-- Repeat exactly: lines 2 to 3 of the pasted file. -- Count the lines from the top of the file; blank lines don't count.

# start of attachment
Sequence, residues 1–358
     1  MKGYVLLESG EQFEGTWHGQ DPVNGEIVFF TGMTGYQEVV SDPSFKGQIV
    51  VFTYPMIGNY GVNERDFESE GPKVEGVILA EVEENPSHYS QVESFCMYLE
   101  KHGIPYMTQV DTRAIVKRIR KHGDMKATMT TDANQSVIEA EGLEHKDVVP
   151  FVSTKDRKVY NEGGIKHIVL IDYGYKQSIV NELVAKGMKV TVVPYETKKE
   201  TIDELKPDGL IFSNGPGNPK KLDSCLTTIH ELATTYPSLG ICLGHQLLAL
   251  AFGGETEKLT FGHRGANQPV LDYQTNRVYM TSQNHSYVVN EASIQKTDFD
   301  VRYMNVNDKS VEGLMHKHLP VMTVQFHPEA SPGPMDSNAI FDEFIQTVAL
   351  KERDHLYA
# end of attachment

     1  MKGYVLLESG EQFEGTWHGQ DPVNGEIVFF TGMTGYQEVV SDPSFKGQIV
    51  VFTYPMIGNY GVNERDFESE GPKVEGVILA EVEENPSHYS QVESFCMYLE